Requiring developers to provide a record of their financial history (say, 10-years worth), before being accepted as a core developer, will rule out many capable people. Also, this approach does not filter out ideologically motivated developers.

The world may have to accept that intelligence agencies are the future of major funding for widely used Open source projects.

MI5 agent caught selling Huawei exploits on Russian hacker forums

An MI5 agent has been caught selling exploits in Huawei products, on an underground Russian hacker forum (a paper analyzing the operation of these forums; perhaps the researchers were hired as advisors). How did this news become public? A reporter heard Mr Wang Kit, a senior Huawei manager, complaining about not receiving a percentage of the exploit sale, to add to his quarterly sales report. A fair point, given that Huawei are funding a UK centre to search for vulnerabilities.

The ostensive purpose of the Huawei cyber security evaluation centre (funded by Huawei, but run by GCHQ; the UK’s signals intelligence agency), is to allay UK fears that Huawei have added back-doors to their products, that enable the Chinese government to listen in on customer communications.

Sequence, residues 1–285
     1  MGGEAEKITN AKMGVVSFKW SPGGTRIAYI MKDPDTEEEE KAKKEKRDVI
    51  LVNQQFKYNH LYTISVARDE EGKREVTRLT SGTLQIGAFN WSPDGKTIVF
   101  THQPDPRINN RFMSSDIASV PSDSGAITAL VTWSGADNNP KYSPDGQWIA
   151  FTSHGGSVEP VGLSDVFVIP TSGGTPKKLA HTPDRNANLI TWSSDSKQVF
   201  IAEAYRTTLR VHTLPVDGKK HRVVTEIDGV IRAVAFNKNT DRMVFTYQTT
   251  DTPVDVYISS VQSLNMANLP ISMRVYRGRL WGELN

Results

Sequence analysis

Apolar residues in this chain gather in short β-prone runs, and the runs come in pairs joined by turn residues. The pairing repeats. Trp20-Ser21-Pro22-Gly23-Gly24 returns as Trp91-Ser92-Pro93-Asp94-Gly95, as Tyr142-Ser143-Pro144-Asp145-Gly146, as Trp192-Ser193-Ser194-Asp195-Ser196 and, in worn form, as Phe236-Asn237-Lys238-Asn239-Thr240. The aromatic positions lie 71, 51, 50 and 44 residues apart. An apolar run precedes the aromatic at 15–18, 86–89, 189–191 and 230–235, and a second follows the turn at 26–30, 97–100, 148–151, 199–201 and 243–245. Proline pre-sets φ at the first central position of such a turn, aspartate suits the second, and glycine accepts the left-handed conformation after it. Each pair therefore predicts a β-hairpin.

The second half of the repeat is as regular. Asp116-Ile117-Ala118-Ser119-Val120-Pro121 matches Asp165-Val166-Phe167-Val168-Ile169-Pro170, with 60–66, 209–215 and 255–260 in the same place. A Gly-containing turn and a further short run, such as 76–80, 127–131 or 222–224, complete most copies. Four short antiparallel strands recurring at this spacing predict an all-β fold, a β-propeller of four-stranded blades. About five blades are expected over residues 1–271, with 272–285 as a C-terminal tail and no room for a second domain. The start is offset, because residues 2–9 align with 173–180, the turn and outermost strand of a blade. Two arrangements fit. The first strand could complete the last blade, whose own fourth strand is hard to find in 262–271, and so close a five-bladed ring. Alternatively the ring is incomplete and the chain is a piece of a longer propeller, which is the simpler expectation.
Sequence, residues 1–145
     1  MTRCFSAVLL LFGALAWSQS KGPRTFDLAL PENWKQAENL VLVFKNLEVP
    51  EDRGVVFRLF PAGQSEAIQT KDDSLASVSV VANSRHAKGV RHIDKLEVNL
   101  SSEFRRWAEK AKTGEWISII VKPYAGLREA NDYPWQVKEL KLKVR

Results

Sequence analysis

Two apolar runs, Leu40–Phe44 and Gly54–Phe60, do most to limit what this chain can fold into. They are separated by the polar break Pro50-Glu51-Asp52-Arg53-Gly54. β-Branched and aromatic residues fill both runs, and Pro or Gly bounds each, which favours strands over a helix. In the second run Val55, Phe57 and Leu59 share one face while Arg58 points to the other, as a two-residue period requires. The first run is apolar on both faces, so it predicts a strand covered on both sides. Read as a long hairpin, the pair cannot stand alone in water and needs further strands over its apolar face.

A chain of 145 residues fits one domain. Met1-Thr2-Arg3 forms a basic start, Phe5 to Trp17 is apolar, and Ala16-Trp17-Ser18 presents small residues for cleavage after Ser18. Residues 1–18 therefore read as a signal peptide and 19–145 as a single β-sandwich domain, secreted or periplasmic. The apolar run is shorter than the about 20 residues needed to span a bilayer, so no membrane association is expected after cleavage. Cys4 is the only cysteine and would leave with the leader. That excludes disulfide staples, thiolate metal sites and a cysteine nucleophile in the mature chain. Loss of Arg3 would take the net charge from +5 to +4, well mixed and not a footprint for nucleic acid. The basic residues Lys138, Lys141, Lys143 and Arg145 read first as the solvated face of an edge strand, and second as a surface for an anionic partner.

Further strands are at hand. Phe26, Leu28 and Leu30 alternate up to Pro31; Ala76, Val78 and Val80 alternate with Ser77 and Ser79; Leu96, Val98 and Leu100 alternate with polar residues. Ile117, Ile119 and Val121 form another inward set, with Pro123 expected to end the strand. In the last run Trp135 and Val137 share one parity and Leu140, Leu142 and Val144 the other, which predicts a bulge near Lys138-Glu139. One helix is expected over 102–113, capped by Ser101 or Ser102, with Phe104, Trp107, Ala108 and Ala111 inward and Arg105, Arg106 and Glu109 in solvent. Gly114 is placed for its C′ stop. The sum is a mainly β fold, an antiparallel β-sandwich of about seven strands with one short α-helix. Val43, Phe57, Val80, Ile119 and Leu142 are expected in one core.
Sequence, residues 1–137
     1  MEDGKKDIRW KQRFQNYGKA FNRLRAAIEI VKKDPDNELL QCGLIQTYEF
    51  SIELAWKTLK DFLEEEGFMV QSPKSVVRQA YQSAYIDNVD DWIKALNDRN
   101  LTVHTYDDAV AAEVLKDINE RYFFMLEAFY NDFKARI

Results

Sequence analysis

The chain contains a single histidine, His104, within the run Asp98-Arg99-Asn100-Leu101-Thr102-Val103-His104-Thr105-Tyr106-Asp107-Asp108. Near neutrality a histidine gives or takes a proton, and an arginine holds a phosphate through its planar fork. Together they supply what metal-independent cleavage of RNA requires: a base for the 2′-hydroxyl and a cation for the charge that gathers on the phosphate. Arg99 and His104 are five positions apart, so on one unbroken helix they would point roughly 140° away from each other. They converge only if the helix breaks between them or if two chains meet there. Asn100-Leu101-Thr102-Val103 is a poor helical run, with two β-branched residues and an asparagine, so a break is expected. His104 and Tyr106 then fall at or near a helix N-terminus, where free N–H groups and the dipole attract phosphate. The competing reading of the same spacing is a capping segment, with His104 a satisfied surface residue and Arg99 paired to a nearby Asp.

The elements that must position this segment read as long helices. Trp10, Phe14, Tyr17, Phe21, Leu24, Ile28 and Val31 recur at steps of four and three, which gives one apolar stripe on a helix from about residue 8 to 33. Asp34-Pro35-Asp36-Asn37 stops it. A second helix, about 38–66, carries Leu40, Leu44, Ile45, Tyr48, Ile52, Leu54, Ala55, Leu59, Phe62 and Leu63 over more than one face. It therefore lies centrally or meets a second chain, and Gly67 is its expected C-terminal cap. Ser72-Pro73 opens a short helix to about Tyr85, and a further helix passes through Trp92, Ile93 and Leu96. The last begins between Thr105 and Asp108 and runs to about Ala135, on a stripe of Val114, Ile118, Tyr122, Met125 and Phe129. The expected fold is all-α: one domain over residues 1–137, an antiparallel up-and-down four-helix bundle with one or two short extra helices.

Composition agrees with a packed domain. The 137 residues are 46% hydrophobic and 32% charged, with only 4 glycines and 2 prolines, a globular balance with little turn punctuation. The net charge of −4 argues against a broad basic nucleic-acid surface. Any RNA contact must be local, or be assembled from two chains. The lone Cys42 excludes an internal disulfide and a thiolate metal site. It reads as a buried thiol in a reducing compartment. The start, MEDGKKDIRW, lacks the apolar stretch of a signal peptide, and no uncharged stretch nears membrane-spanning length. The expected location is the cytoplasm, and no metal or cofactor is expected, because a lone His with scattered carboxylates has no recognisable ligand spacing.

If this cyber centre finds a vulnerability in a Huawei product, they may or may not tell Huawei about it. Obviously, if it’s an exploitable vulnerability, and they think that Huawei don’t know about it, they could pass the exploit along to the relevant UK government department.

If the centre decides to tell Huawei about the vulnerability, there are two good reasons to first try selling it, to shady characters of interest to the security services:

  • having an exploit to sell gives the person selling it credibility (of the shady technical kind), in ecosystems the security services are trying to penetrate,
  • it increases Huawei’s perception of the quality of the centre’s work; by increasing the number of exploits found by the centre, before they appear in the wild (the centre has to be careful not to sell too many exploits; assuming they manage to find more than a few). Being seen in the wild adds credibility to claims the centre makes about the importance of an exploit it discovered.

How might the centre go about calculating whether to hang onto an exploit, for UK government use, or to reveal it?

The centre’s staff could organized as two independent groups; if the same exploit is found by both groups, it is more likely to be found by other hackers, than an exploit found by just one group.